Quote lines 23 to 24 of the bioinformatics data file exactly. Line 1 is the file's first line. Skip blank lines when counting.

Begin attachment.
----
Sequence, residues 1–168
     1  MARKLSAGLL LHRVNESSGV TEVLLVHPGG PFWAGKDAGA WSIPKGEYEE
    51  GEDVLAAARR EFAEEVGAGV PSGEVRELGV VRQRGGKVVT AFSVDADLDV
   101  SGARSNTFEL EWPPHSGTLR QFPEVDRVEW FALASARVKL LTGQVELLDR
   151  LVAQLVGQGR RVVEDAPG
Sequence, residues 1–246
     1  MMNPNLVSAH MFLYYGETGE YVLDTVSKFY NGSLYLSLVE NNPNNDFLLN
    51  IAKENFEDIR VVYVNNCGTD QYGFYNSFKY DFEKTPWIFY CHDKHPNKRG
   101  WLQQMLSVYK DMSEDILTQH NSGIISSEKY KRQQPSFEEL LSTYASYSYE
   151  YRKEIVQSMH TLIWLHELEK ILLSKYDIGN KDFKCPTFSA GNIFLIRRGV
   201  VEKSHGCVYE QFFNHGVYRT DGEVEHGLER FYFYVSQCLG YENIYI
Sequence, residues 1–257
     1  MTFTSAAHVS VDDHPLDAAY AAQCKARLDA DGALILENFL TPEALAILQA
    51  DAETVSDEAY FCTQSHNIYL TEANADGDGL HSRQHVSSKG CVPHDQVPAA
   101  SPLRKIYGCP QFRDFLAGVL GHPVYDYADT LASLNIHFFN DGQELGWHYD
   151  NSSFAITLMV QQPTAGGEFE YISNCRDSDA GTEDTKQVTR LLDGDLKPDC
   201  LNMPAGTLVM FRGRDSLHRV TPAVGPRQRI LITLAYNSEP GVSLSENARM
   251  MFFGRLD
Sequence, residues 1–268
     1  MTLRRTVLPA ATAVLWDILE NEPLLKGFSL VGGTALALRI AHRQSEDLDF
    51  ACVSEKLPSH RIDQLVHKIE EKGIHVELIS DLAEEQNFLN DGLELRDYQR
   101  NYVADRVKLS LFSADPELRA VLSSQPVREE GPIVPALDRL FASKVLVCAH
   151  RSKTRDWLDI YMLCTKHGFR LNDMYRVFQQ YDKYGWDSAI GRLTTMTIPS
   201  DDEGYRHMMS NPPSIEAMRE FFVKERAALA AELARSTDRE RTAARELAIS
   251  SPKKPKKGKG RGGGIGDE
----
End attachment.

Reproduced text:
   151  RSKTRDWLDI YMLCTKHGFR LNDMYRVFQQ YDKYGWDSAI GRLTTMTIPS
   201  DDEGYRHMMS NPPSIEAMRE FFVKERAALA AELARSTDRE RTAARELAIS